Emergency shelter/bivy after eg. Pine Valley hut? (advice..), I mean the things are so cheap and light..
(and, in limiting campsite sprawl into places like The Labyrinth.... uncomfortable enough)
"The guides are all complaining there's mobile reception and hot showers," Godfrey laughs.
Nuts
Lagarostrobos franklinii
Lagarostrobos franklinii
 
Posts: 8023
Joined: Sat 05 Apr, 2008 12:22 pm
Region: Tasmania

Re: Geryon North, Massif, Falling Mountain, Horizontal Hill

Postby eggs » Fri 26 Feb, 2016 1:37 pm

I guess another option would be to add a brief note of how many have died in the area.
User avatar
eggs
Lagarostrobos franklinii
Lagarostrobos franklinii
 
Posts: 7795
Joined: Fri 23 May, 2008 2:58 pm
Location: Para Vista, South Australia
Region: South Australia

Re: Geryon North, Massif, Falling Mountain, Horizontal Hill

Postby Nuts » Fri 26 Feb, 2016 1:55 pm

Like roadside markers of injury or sad tragedy? I guess if there is a to be a sign it should have maximum impact.

Anyhow.. I find another point interesting. There are a growing number of modern influences on park management, maybe P&W (via young parkies) increasingly need to exert more control by other, less 'community spirited' means? Especially in the case, for instance, with counteracting authors & bloggers who now control the impact and recreational creep in the absence of any easy legislation or policing.
"The guides are all complaining there's mobile reception and hot showers," Godfrey laughs.
Nuts
Lagarostrobos franklinii
Lagarostrobos franklinii
 
Posts: 8023
Joined: Sat 05 Apr, 2008 12:22 pm
Region: Tasmania

Re: Geryon North, Massif, Falling Mountain, Horizontal Hill

Postby Oldfatanddodgyknees » Tue 26 Apr, 2016 8:45 pm

Hi I'd like to add more details on the lost photographer. I headed up the labarinth as a day trip with my 11 year old son on his first overnight bushwalking trip on the morning in question. It was misty with visibility coming and going...all pretty normal for the Lab. When we got to the main lake we met another party who told us about the guy in question, who had gone to take photos from the pool of memories but didn't come back. His tent was left open with his sleeping bag soaked by the rain. He was apparently only wearing a light jacket. I hadn't heard the phone,map story but I'm not surprised. We abandoned our plans for the day and joined the land search. The other party called the police at 8:00 but the fog prevented the police chopper flying up until mid morning. When the chopper turned up it circled and searched for a while then the message came through he was found, but details were confused. So the chopper landed and we all waited an hour or so until it was confirmed he was at pine valley hut. The police packed up his gear and flew it down to pine valley hut to deliver it, and confirm his story. Only to have to fly it back to the labyrinth when they didn't find him. Meanwhile he had started back up the laberynth with a large experienced party keeping close watch on him. We then abandoned the rest of our plans and headed down off the labynth. We met him at the top of the climb up the lab. He couldn't or wouldn't tell me what happened. I figured he dropped off from the pool of memories to the east and somehow made his way down hill without falling off one of the many cliffs. There is actually an old track down to the climbers camp, but he didn't seem to recall it, he couldn't even tell me if he spent all night heading down or what, nor did he mention meeting dave novels group, he told me he hit the track leading up to the Acropolis, he actually recalled seeing the sign to the Acropolis at the unmarked trail up to geryon climbing camp. But that's about I could get out of him. I also informed him he was still officially lost until he spoken to the police directly, fortunate someone in the group had a sat phone, he spent the next 15 on the phone to the police.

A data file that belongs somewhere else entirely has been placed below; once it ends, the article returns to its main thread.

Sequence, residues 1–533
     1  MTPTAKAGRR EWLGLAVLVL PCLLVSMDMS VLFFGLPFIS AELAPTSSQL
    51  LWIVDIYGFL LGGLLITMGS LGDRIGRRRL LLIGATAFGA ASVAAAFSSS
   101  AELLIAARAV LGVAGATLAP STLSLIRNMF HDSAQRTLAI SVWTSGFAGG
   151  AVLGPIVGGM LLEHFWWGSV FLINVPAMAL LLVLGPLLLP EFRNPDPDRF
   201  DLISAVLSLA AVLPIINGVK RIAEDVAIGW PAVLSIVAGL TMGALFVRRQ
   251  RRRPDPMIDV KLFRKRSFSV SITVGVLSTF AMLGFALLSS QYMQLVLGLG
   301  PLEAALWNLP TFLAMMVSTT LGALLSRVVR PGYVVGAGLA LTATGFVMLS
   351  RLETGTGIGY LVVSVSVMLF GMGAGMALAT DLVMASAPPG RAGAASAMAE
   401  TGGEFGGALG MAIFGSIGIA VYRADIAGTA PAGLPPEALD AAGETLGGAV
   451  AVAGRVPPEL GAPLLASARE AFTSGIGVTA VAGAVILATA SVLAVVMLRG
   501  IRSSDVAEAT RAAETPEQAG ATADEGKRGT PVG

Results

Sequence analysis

For the record, I think equipment is important but doesn't replace experience.
I have no problem with going up the labarinth on a gear less day trip, but I know it can be a shocker for navigation when the mist roles in, it's just one of those places
I don't believe in signposting and fencing the wilderness away from harm
However there is a growing sentiment in young people that they have thr 'right' to go where they want, rather than earning that right by experience skill and sound judgement.
More information on risks, issues and weather advice may help, but you don't know what you don't know and that young bloke had no idea what he didn't know.
At the time when we found out about him being missing I gave him a 30 percent chance of being found alive.
I just hope he has learnt.......its been a good lesson for my son.
Oldfatanddodgyknees
Nothofagus cunninghamii
Nothofagus cunninghamii
 
Posts: 1
Joined: Tue 26 Apr, 2016 8:13 pm
Region: Tasmania
Gender: Male


Return to TAS Trip Reports & Track Notes

Who is online

Users browsing this forum: No registered users and 4 guests